All passenger vehicles sold today in the US have anti-lock braking systems. The technology is mandated by the federal government and has been for several decades. In this article, we will look at the history of anti-lock braking systems and see how this life-saving safety technology has evolved over the years.
How they work
Anti-lock braking systems (ABS) work with a car’s braking system to prevent tires from skidding. This allows drivers to maintain steering control when skids occur. The way they work is that each wheel is monitored by a speed sensor and a computer looks for a wheel that stops turning when the car is in motion. This indicates a wheel that has lost traction and is skidding. When the computer senses a skid, it activates a series of hydraulic valves to limit or reduce the braking on that wheel, or on multiple wheels.
The first anti-lock brakes
The Maxaret System was the first anti-lock braking system to be widely used. It was developed by Dunlop Corporation in the late 1940s for use by the aviation industry. The results were spectacular, studies showed that aircraft with the Maxaret System stopped in 70% of the distance of standard braking systems. This was a critical advantage for the aviation industry because it allowed more airstrips to be used and generally improved the safety of all aircraft using it.
Adapted for cars
It wasn’t long before the automotive industry started to get interested in anti-lock technology. The first car company to adapt anti-lock braking to their cars was Jensen Motors. This British firm installed a modified version of the Maxaret System on their top-of-the-line grand touring coupe in 1966. Called the Intercepter, Jensen built just 320 of the luxury coupes. None were exported to the United States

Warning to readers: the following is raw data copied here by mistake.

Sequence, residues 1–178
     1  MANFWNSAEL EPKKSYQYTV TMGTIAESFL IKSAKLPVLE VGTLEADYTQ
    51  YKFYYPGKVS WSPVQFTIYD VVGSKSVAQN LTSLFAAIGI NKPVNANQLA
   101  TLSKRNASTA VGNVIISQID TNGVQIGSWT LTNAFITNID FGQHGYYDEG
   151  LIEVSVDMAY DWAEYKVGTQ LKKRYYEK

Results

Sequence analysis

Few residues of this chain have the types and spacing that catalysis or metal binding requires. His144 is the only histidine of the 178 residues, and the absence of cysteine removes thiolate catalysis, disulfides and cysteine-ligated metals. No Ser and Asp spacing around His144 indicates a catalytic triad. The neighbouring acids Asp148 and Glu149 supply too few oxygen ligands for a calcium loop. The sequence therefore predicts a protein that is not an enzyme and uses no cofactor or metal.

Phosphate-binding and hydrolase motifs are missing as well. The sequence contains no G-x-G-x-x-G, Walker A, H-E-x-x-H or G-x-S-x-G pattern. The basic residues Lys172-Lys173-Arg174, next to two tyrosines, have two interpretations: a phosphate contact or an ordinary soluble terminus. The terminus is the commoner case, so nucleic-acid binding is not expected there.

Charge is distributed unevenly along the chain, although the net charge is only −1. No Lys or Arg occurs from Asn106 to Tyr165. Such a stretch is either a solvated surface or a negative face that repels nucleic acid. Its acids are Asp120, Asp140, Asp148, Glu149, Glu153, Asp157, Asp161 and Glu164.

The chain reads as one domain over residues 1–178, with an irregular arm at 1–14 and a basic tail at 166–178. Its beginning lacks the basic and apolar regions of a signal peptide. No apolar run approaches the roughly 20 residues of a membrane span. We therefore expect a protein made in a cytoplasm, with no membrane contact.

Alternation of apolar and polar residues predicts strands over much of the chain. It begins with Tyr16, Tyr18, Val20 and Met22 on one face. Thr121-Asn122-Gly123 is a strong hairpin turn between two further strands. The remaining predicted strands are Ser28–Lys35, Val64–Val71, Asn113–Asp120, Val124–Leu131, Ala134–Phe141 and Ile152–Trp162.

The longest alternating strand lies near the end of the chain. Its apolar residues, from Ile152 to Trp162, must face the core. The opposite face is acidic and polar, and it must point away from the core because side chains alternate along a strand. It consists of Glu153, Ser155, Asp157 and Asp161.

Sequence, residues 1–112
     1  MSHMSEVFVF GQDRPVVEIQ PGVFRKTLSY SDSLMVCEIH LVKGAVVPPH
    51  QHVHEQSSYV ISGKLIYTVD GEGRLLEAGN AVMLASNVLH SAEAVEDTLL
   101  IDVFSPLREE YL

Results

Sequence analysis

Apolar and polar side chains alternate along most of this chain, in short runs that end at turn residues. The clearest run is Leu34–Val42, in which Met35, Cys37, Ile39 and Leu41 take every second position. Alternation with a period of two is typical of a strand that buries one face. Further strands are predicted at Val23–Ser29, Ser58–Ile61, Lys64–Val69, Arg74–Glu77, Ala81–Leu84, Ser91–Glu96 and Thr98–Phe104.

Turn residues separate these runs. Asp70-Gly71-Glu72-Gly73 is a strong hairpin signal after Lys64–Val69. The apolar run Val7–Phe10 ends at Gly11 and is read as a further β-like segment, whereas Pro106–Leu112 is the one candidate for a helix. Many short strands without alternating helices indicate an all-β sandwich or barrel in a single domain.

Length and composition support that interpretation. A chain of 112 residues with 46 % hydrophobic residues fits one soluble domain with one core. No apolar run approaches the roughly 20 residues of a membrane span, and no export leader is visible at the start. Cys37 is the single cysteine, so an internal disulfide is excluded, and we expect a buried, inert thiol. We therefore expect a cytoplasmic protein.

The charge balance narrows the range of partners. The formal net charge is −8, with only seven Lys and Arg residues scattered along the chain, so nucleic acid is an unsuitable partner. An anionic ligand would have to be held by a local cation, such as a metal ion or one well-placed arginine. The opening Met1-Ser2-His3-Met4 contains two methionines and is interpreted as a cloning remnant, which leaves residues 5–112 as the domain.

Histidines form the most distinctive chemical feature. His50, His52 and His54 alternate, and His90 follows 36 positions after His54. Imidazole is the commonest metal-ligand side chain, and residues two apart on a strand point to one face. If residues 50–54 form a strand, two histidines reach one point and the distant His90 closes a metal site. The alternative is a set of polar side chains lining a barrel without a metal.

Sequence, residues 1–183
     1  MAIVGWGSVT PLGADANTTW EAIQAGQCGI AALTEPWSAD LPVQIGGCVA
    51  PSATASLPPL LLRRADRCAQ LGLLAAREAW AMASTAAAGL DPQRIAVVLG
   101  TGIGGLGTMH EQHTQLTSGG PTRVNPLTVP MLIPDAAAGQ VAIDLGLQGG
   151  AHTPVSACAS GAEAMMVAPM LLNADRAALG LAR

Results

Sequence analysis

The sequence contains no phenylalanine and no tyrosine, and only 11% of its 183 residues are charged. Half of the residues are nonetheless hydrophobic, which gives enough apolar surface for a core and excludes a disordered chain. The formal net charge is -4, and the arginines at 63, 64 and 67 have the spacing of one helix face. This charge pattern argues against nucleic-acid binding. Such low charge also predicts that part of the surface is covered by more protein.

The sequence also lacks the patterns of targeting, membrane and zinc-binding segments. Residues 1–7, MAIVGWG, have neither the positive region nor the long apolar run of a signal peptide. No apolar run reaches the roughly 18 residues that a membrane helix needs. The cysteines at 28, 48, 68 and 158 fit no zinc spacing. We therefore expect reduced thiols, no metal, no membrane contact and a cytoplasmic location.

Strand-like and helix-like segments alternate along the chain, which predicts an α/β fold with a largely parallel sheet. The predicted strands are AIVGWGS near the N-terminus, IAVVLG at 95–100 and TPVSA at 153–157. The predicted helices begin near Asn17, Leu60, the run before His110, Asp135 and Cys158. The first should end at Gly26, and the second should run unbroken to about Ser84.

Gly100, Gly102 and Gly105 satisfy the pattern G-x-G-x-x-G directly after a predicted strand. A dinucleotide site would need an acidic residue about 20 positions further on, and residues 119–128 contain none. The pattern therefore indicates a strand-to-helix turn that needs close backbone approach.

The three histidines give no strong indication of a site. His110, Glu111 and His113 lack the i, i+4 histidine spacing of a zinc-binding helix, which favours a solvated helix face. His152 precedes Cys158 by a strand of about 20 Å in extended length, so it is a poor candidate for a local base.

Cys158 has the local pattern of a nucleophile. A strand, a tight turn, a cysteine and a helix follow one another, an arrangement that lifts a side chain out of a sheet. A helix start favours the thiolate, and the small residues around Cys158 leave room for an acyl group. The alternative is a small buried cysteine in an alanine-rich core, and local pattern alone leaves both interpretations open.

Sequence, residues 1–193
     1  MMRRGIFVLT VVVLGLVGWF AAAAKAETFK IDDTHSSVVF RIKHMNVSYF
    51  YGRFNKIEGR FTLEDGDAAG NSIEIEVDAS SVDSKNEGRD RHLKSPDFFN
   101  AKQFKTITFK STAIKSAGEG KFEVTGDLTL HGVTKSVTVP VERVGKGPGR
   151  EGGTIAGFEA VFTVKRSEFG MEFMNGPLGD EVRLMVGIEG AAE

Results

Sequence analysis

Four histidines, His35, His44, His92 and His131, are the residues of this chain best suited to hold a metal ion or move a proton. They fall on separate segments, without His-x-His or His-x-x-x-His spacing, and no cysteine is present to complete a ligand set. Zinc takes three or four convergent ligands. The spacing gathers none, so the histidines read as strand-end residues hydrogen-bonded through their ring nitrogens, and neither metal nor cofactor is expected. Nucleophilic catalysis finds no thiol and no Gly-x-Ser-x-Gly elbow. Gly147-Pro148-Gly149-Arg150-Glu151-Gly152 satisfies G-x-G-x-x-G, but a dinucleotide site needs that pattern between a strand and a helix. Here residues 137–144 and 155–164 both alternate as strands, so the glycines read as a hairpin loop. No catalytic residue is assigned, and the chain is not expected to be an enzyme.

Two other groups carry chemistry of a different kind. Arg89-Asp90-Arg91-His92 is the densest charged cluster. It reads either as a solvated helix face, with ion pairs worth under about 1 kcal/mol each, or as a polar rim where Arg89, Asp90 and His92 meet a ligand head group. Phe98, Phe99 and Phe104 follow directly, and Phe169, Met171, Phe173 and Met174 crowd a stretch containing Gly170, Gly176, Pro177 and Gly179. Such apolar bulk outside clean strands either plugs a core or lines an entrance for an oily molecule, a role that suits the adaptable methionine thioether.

Adoption in the US
The Maxaret System was 100% mechanical, bulky and limited in control. It would take over a decade before the control systems for an anti-lock brake system could be implemented electronically. Kelsey-Hayes was the first company to offer systems to Detroit and in 1969 Ford offered them in its Thunderbird and Continental Mark III models. This system, called the Sure-Track anti-skid system, was for the rear wheels only.
The “holy grail”
The holy grail of automotive anti-skid technology was to also prevent the front wheels from locking up in addition to the rear. This was to maintain steering control during a full-brake panic stop. The first car to offer that ability came from Chrysler Corporation. In 1971, a full, four-wheel anti-lock brake system designed by Bendix Corporation was installed on their Imperial luxury car. The Sure-Brake option cost $351.50 (the 1971 Imperial was around $6,000).
The Sure-Brake system
The Sure-Brake system had a speed sensor on each wheel, and, in the trunk, an electronic control box. The system controlled the two front wheels independently and the two rear wheels together. The Modulators were vacuum canisters that operated cutoff and relief valves to stop hydraulic pressure from going to the wheels.
According to Thompson Hyundai of Baltimore, MD, a certified Hyundai dealer, in 1977, the federal government mandated that all vehicles sold in the US had to have anti-lock brake technology installed. As a result of this brilliant safety technology, untold numbers of lives have been saved and accidents avoided.